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October 23, 2008NEW YORK – Perhaps no conference should be more wary of the new 3-point line than the Big East.
While the league has an extraordinary amount of talent and depth – eight Big East teams are in the Rivals.com preseason top 25 – the teams who project at or near the top also have a glaring hole: the lack of good outside shooters. That could be what keeps the nation's top league from producing the national champion.
Each of the past 10 teams that have won the NCAA title have had at least one player average 2.0 3-pointers per game. Florida had two (Taurean Green and Lee Humphrey) during its title runs in 2005-06 and 2006-07.
But Connecticut, Louisville and Pittsburgh – picked first, second and third, respectively, in the Big East's preseason poll – didn't have one player who made 2.0 3-pointers a game last season. That was with the line at 19 feet, 9 inches; it's at 20-9 this season.
Connecticut ranked last in the league in 3-pointers made (168) and attempted (465) last season. Pitt lost its top two 3-point shooters – guards Ronald Ramon and Keith Benjamin combined for 118 of the Panthers' 225 3-pointers. And Louisville was second in the league in 3-pointers made (272) but shot 35.0 percent from beyond the arc, which ranked eighth.
None of those numbers seem to bother the coaches.
"(Outside shooting) is an area we need to improve on," Pitt coach Jamie Dixon said. "I think (point guard) Levance Fields will shoot the ball better (he shot 27.7 percent from 3-point range last season). But this league is ultimately about rebounding and defense. It's always been that way and that's what ultimately wins."
Georgetown, which won the 2007-08 regular-season title, ranked first in scoring defense and field-goal percentage defense. But the Hoyas were remarkably balanced, also ranking first in field-goal percentage and second in 3-point field-goal percentage. Departed senior Jonathan Wallace made 2.1 3-pointers per game and led the league by hitting 44.7 of his attempts (71-for-159).
Connecticut coach Jim Calhoun acknowledged that his guards need to get more open looks from 3-point range, but said his Huskies will be built around A.J. Price's ability to attack the basket and the inside play of 7-3 center Hasheem Thabeet and bruising power forward Jeff Adrien. Calhoun is expecting an All-American season from Thabeet, the league's reigning defensive player of the year. Adrien is coming off a season in which he ranked 14th in the league in scoring (14.8 ppg) and third in rebounding (9.2 rpg).
"I don't even know why they are doing it," said Adrien when asked about moving the 3-point line. "It's just a waste of money. I don't think it will change anything. … I just don't want to see six different lines on the court. (the women's line remains 19-9, and teams sometimes play on courts with the NBA 3-point line)."
"You still have to win games the same way," said Williams, who recently had knee surgery and is expected to return in late November. "Three points is good. But two is good, too."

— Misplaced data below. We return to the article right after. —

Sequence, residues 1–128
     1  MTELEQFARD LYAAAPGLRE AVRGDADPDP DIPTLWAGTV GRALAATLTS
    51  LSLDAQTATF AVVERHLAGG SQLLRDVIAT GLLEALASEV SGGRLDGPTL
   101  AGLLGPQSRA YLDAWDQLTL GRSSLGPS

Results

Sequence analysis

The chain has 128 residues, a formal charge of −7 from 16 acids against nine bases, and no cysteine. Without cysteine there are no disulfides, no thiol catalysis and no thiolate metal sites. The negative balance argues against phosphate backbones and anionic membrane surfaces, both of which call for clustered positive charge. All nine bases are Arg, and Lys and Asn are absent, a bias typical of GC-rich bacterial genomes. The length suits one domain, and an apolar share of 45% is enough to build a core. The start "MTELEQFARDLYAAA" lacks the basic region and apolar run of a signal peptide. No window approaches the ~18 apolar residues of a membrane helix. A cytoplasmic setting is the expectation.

Of the league's preseason top three, the Cardinals have the best chance of having someone average 2.0 3-pointers per game. Junior guard Jerry Smith hit 1.87 3-pointers a game and shot 38.4 percent (68-for-177) last season.
Cards coach Rick Pitino, who has been to five Final Fours with three programs, knows how valuable having a shooter of Smith's caliber can be.
"The old saying of good shooting kills a multitude of sins is true," Pitino said. "I've had very good teams not make the Final Four. I've also had two teams that weren't as talented go to the Final Four – Providence (1986-87) and Louisville (2004-05) – because they could shoot and pass the ball."
That may be what gives Notre Dame, which was picked fourth and received a first-place vote, an edge over its Big East peers when it comes to contending for the national title.
The Irish shot a league-high 40.5 percent (274-of-677) on 3-point attempts, thanks largely to senior guard Kyle McAlarney, who ranked second behind Wallace at 44.1 percent (108-of-245). Many of those 3-pointers came from well behind the new 20-9 mark.
"I have not seen a better shooter," Notre Dame coach Mike Brey said.
Senior guard Ryan Ayers gives the Irish another solid 3-point threat. Ayers doesn't shoot as much as McAlarney, but he was slightly more accurate last season, hitting 45.1 percent (55-for-122).
"I don't think people realize how good a shooter Ryan is," said Notre Dame big man Luke Harangody, who led the Big East in scoring (20.4 ppg) and was second in rebounding (10.6 rpg) while capturing league player of the year honors. "He can really help us."
The new 3-point line should also give Syracuse, picked eighth, an edge. The Orange will have two good outside shooters back from injury. Junior guard Eric Devendorf was shooting 40.7 percent from 3-point range before tearing an ACL in the 10th game last season. Junior guard Andy Rautins didn't play at all last season because of an ACL tear, but shot 40.6 percent from 3-point range in Big East play in 2006-07.
"Having shooters like that is going to open up space on floor," said Syracuse point guard Jonny Flynn, who split the league's rookie of the year award with Pitt's DeJuan Blair last season. "It's going to make a big difference. Those guys can stretch the defense. It's a great advantage."
It's an advantage that could play a pivotal role in the Big East and national title races.
Andrew Skwara is a national writer for Rivals.com. He can be reached at email@example.com.
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